It’s been a strange October. Black history month – more apparent in schools than around town; Stoptober campaign for becoming smoke-free; and then the shocking Tim Wills affair.
The synopsis given in the Change.org petition that was set up in early October to remove Wills from Worthing council (where he stood for Marine ward) tells the story and explains the issues. Here are extracts from the petition:
On 8th October 2021, Wills was revealed by Hope Not Hate to be an active member of Patriotic Alternative, a racial nationalist and fascist organisation that seeks the removal of ethnic minorities from the UK. On the instant messaging service Telegram, Wills wrote:
“No more listening to the lies they spread, it’s the day of reckoning for the blood we share!”
He also wrote:
“My view is Covid is a loss maker for us, we just need to centre on white genocide […] because many of our white race are convinced about vaccines, but not about our replacement, and need to be informed about this?”
Of his position as a Conservative Councillor, he wrote:
“Trying to infiltrate and influence those in power is our initial best way forward as we have no chance of political power any time soon, sadly. My view is Tories are best of a rotten lot as still have a right wing minority who are on side.”
Wills also urged fellow members to “Remember the 14 words”, a reference to the 14-word white supremacist slogan “We must secure the existence of our people and a future for white children”, a call to arms formulated by white supremacist terrorist David Lane, who was sentenced to 190 years in prison for his role in the murder of a Jewish journalist.
This article on ADL explains the hateful origins of the ’14 words’ white supremacist slogan.
Terrorist Tactics and the Gamification of Extremism
The group ‘Patriotic Alternative’, of which Wills was a member, appears on Princeton University’s TRAC terrorism’s list of 4000 terrorist organisations to watch; and has been subject to wide analysis by academics and political analysts. It is noted for its sophisticated recruitment methods, the massive disjunct between its outward-facing communications and the inward-facing rhetorics and its high competence in social media. The gamification of extremism has arrived.
The entry into the public realm of proof of the rumours which had been circulating for a while about Wills’ involvement, led to a public campaign in Worthing to have him removed from office. This did not happen and he was simply suspended from Council and from the Conservative party. This was surprising to some, given that the organisation he was outed as a member of – Patriotic Alternative, founded in 2019 – is very well-known for its extremist views, meaning that the group has been de-platformed by Facebook and Instagram. And you know that’s gotta be serious, because all kinds of horror get by those platforms and are even facilitated by them, as the current whistleblower enquiry has shown us. When even FB shuts you down, you’re nasty and no mistake.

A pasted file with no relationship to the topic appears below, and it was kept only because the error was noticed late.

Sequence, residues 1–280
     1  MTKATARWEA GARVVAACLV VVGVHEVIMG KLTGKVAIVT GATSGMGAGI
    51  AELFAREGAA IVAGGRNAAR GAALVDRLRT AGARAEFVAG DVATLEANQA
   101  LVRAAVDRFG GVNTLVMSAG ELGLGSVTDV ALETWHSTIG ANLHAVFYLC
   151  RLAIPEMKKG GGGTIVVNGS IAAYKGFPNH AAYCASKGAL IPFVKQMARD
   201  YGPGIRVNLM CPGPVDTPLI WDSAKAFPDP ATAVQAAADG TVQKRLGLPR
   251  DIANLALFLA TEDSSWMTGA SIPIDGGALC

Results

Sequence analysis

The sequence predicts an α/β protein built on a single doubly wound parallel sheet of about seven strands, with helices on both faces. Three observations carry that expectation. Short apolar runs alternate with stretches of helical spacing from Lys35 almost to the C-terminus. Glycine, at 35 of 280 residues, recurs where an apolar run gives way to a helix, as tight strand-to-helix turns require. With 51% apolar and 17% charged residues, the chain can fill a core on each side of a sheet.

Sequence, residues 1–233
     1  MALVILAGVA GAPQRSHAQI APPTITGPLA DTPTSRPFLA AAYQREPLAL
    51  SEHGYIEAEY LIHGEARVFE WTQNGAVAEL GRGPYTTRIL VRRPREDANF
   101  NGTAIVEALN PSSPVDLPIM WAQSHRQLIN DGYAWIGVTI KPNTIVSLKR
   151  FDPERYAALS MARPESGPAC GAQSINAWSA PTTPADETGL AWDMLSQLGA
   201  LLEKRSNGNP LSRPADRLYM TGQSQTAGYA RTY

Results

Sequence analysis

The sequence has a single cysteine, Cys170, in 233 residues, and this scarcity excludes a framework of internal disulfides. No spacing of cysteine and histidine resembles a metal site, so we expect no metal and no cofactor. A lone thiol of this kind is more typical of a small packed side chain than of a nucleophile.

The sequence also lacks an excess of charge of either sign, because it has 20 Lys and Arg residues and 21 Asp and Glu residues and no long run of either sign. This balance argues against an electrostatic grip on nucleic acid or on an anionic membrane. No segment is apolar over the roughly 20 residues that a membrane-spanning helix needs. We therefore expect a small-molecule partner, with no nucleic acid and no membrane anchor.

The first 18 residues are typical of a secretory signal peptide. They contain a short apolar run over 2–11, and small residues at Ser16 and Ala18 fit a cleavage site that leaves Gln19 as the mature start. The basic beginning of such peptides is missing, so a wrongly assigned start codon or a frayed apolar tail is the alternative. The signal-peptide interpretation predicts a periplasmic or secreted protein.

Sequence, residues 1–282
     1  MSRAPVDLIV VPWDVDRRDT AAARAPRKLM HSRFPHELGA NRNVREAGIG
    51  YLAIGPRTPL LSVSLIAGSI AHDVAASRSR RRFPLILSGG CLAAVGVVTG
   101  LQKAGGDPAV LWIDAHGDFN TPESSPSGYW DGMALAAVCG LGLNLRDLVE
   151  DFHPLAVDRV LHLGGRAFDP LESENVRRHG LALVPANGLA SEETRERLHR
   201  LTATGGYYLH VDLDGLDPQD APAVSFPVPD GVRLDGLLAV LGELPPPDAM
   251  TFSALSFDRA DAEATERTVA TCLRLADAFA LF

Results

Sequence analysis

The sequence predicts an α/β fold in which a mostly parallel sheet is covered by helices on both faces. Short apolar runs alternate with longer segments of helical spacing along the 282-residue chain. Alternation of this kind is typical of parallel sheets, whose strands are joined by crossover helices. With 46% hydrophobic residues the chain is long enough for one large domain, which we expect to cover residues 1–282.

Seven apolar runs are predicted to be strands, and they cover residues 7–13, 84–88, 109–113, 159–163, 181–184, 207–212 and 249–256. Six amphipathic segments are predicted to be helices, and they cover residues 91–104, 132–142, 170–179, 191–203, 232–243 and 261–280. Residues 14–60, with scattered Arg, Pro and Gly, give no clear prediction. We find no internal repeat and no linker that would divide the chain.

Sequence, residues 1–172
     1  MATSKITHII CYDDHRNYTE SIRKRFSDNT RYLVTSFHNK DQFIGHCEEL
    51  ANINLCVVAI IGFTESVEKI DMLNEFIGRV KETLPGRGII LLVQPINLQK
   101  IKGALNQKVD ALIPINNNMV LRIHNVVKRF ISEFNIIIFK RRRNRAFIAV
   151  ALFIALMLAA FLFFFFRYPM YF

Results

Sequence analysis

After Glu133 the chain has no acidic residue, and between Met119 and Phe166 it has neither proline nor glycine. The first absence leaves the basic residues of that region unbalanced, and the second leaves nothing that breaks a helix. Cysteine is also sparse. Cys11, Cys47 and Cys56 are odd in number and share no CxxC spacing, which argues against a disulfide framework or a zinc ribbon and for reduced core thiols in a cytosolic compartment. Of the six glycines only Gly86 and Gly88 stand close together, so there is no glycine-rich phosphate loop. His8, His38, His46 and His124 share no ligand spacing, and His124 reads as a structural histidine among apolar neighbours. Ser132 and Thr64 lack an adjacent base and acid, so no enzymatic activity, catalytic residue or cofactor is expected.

PA is also notorious for the track record of its leaders, people with long public histories of far-right activism and hate speech. You can read more in William Allchorn’s analysis here.
Building a New Worthing?
Apart from the most important issue – the danger and hate, this has also not done Worthing’s public image any good, as outsider comments like this show. We’ve been trying to build a new Worthing – but the world outside watches, sceptical.
After more news coverage, several public demonstrations, a petition and sustained pressure from local groups, Wills finally resigned on 15th October, as this short press release explains.
In the wake of the affair, which is of course not yet over, a new ‘community cohesion‘ committee is being set up. We now wait to see what Worthing Conservatives will do next – and what substantial action the council will now take (for it seems a bit unlikely that nobody at all knew anything whatsoever about Wills’ views and activities). There’s widespread concern about how widely these kinds of extremist views are shared among the wider Worthing public and even, as we now know, within our local political leadership.
In the week when councillors will be laying wreaths for remembrance and hope and memorialising moments when great hopes for peace seemed to be within reach, like the 1945 one that our kids get taught about in school as England’s victory over a far-right agenda, the Tim Wills affair leaves an aftershock and a sense of deep shame. It was uncomfortable to see our BAME elected representatives realising the contempt and hostility that they had been held in by Wills, a person they would have sat with, spoken to, spent time alongside at meetings and council events.
We are fortunate that we have many Worthing locals who won’t stand for a takeover by extremism and who will work to keep investigating and challenging hate speech and divisive action.
No Fascists in Worthing – in 1945 or in 2021
Atilla the stockbroker has made a little song to cheer us all up a bit and help us remember that, just as 1945 celebrated no fascists in Uk, we can hold strong to a determination that there will be no fascists in Worthing, in the 2020s or beyond.
No Fascists in Worthing. That’s something to hold fast to, this coming remembrance day.
May peace, equality and community be ours as we move along in our town – shaken, but ready to make things better.
November 16th 2021 update
As investigations continue into what kind of culture and ideas are the norm among our Conservative councillors, another representative – Russ Cochran – has had his Twitter account examined and found to contain hate speech. We really need to sort this place out.